Despite the fact that the child was born in South Africa and the father was South African, Home Affairs refused to register the birth because the mother was “undocumented”.
In the high court in 2018, Acting Judge Apla Bodlani declined to declare the sections of the Act unconstitutional. Instead, he ordered amendments to the wording of some of the regulations.
LRC was happy with Judge Bodlani’s ruling. In a statement at the time, it said it was a victory for single fathers trying to register births when the mother is foreign and undocumented or absent or had abandoned the children.
But the Centre for Child Law was intent on overturning section 10, which does not make provision for a child to receive their father’s surname or details of their father on their birth certificate without the mother’s involvement.
Home Affairs did not oppose the appeal.
Judge Sunil Rugunanan, who penned the appeal judgment, said the case affected vulnerable members of society and “a multitude of child cases” born to unmarried fathers. He said children without birth certificates were “invisible” and were effectively denied support and assistance necessary for their positive growth and development, including education and access to social grants.
“The numerous cases in the (Centre’s) papers evokes empathy if one comprehends the extent to which lack of birth registration exacerbates marginalisation,” said the Judge.
Section 10 posed a bar that was discriminatory, not only to the fathers of children born out of wedlock but to the children themselves on grounds that were arbitrary.
“A law that engenders discrimination with the potential for consequences of the enormity shown, cannot be said to be in the best interests of the child, which is paramount.”
He said the “reading in”, as ordered by Judge Bodlani, had only a limited effect and did not address the fundamental problem that section 10 in its entirety did not provide a mechanism for a child born out of wedlock to be registered in the surname of his or her father where the mother was absent.
He declared the section unconstitutional, giving the legislature two years to amend it to ensure it is “constitutionally compliant” and referred the order to the Constitutional Court for confirmation.
The Centre said: “The judgment affirms the fact that every child has the constitutionally enshrined right to a name and nationality from birth and their best interests are of paramount importance in every matter concerning the child.
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You are on an Angolan Dispensation Permanent Residence Visa , have a family here or back home , wife and children in SA – no status – there is a way for them to join you legally

Our dynamic team of immigration consultants provide specialist advice on temporary residence visas, permanent residence permits, appeals on rejected applications, undesirable declaration waivers, V-listing and legal immigration services. Get in touch with us if you’d like a professional yet personal experience provided by our experienced consultants.
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You on a Zimbabwean ZEP Visa , have a family here or back home , wife and children in SA – no status – there is a way for them to join you legally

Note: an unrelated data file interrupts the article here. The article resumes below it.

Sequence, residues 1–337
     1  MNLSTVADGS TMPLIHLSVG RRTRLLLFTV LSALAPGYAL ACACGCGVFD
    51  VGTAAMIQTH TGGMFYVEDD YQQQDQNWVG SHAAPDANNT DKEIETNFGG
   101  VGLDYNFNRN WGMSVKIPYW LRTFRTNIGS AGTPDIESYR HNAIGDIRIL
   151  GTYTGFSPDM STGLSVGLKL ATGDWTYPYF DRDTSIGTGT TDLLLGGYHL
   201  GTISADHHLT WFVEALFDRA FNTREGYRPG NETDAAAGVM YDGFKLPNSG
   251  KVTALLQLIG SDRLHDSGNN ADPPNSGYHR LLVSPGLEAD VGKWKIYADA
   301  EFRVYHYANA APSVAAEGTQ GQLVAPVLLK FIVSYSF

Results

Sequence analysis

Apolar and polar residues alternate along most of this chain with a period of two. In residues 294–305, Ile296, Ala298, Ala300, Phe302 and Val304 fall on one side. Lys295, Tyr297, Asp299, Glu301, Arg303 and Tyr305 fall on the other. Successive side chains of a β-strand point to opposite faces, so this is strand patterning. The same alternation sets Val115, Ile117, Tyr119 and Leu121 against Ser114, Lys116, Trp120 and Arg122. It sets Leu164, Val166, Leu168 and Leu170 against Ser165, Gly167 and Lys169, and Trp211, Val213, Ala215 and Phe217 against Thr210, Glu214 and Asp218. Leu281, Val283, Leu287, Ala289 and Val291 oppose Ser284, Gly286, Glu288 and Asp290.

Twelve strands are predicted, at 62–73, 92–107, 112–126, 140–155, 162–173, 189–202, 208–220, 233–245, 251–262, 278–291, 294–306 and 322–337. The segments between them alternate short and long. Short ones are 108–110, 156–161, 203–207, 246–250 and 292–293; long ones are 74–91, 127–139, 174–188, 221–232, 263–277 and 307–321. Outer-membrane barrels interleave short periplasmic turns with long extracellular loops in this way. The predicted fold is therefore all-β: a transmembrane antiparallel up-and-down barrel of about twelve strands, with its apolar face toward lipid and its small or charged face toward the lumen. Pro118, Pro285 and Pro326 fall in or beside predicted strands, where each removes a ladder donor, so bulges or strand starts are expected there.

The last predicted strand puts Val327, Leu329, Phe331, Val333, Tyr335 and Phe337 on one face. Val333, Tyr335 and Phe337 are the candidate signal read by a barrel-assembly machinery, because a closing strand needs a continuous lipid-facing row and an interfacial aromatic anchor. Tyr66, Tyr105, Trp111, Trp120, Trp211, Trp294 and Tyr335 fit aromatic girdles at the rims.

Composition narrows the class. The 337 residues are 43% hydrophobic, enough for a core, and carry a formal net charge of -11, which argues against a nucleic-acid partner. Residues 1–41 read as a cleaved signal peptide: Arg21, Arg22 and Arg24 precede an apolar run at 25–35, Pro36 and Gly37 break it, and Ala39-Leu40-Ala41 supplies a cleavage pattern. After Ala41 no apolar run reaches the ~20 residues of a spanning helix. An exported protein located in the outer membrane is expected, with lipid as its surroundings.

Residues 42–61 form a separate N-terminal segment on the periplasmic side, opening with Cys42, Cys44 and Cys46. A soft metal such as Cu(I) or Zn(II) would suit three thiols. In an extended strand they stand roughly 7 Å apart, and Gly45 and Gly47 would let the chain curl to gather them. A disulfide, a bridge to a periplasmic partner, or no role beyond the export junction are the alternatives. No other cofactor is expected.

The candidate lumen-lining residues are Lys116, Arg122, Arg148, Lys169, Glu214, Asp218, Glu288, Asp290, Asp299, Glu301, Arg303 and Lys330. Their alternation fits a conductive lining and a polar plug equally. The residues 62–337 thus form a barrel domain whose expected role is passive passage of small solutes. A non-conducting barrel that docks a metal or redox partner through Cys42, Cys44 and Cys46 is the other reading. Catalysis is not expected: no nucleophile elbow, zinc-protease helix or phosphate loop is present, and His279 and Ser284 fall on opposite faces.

Our dynamic team of immigration consultants provide specialist advice on temporary residence visas, permanent residence permits, appeals on rejected applications, undesirable declaration waivers, V-listing and legal immigration services. Get in touch with us if you’d like a professional yet personal experience provided by our experienced consultants.
How can we help you , please email us to info@samigration.com whatsapp me on:
+27 82 373 8415, where are you now? check our website : www.samigration.com

Minister instructs schools to enrol all undocumented children

A Rwandan asylum seeker told GroundUp she has been to the Western Cape Metro North Education District, but officials refused to help her enrol her child without a study permit. Western Cape education department spokesperson Bronagh Hammond said the province was busy drafting its circular for schools.
Angie Motshekga has sent a circular to schools to comply with a ruling by the high court
Following a ruling by the Eastern Cape high court (Grahamstown) on December 12 that schools should admit undocumented children, the department of basic education has now issued a circular instructing schools to comply.
On Tuesday, minister Angie Motshekga sent a circular for provincial education departments, heads of provincial government sections, district directors, school governing bodies, school principals, all South African schools and governing body associations to follow the precedent set by the court.
Judge president Selby Mbenenge ruled that the education department could not remove or exclude “children, including illegal foreign children, already admitted, purely by reason of the fact that the children have no identity document number, permit or passport, or have not produced any identification documents”.
However, at the start of this school year, GroundUp found schools that were still turning away undocumented immigrant children despite the ruling and a previous circular sent in July last year by the acting director-general of the department of basic education SG Padayachee instructing public schools to accept undocumented children conditionally while their parents try to obtain documents.
Spokesperson for the African Diaspora Forum, Amur Sheikh, said: “We hope to see the full implementation of the circular. We will also be visiting schools that have been known for making admission difficult for migrant children.”